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Strongly extreme points of Orlicz function spaces equipped with Φ-Amemiya norm

Abstract

In this paper, the criterion that points of Orlicz function spaces equipped with Φ-Amemiya norm generated by an Orlicz function are strongly extreme is given. As a corollary, the sufficient and necessary conditions of midpoint local uniform rotundity of Orlicz function spaces equipped with Φ-Amemiya norm are obtained.

Introduction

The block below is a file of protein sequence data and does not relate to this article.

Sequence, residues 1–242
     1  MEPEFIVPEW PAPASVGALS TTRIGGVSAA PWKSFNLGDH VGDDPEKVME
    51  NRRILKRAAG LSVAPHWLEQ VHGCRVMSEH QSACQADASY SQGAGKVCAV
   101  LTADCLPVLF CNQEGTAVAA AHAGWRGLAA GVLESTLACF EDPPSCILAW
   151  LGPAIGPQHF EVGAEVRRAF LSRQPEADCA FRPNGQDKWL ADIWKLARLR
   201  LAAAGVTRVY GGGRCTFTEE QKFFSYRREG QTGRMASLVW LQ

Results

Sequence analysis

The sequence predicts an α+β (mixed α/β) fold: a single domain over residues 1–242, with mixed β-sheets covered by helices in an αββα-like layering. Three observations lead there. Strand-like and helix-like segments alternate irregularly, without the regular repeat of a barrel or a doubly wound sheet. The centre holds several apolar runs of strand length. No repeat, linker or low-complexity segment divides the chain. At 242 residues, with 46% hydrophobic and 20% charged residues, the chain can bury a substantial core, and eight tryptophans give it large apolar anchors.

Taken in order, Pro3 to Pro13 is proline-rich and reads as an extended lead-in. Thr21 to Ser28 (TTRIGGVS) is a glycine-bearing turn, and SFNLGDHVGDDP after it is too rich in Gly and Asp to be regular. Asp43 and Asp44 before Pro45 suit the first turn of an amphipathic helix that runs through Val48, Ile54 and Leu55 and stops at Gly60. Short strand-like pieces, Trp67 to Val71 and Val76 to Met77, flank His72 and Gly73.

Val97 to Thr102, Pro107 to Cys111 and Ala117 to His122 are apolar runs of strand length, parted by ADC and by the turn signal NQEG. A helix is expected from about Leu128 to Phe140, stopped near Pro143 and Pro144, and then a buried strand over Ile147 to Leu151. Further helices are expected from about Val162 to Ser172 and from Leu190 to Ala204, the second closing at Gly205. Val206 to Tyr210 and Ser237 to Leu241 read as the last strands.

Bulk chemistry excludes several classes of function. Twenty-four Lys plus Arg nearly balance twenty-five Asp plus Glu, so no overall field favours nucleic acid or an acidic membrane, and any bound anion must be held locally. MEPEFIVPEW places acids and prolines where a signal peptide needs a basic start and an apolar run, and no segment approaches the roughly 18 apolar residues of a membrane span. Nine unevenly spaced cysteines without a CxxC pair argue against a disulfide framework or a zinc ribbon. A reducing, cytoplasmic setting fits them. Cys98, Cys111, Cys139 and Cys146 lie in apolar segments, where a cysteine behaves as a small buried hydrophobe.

An extreme point plays a crucial role in functional analysis, convex analysis, and optimization. In fact, any compact convex set is the convex hull of its extreme point set, the result is called Krein–Milman theorem. The notion of a dentable subset of a Banach space was introduced by Rieffel in conjunction with a Radon–Nikodym theorem for Banach space-valued measures. Subsequent work by Maynard and Davis and Phelos has shown those Banach spaces in which Rieffel’s Radon–Nikodym theorem is valid and every bounded closed convex set is dentable. This has been a significant breakthrough in studying the nature of Radon–Nikodym as a geometric property. In 1988, Bor-Luh Lin, Pei-Kee Lin, and Troyanski described the characteristic of denting points (see [1, 2]) and obtained that there is a close relationship between denting points and strongly extreme points. It is easy to see that every denting point of Banach space X is a strongly extreme point (see [3]) of X, and it is known that every strongly extreme point of X is a \(w^{\ast }\) extreme point of X. Orlicz space is an important class of Banach space, it was introduced by the famous Polish mathematician Wladyslaw Orlicz in 1932. The theory of Orlicz space has been greatly developed because of its important theoretical properties and application value. Up to now, the criterion that an element in the unit sphere of Orlicz spaces equipped with the Orlicz norm, the Luxemburg norm, and the p-Amemiya norm is a strongly extreme point has been obtained (see [46]). In this paper, we introduce a new norm, namely Φ-Amemiya norm, whose calculation formula is given as follows: \(\Vert x \Vert _{\varPhi ,\varPhi _{1}}=\inf_{k>0} \{ \frac{1}{k} (1+ \varPhi (I_{\varPhi _{1}}(kx)) ) \} \). When we take some special functions, the previous norms are special cases of this new norm. This new norm also has wider applicability than before. We give the criterion that an element in the unit sphere of Orlicz spaces equipped with Φ-Amemiya norm is a strongly extreme point. Incidentally, the sufficient and necessary conditions of midpoint local uniform rotundity of Orlicz function spaces equipped with Φ-Amemiya norm are obtained.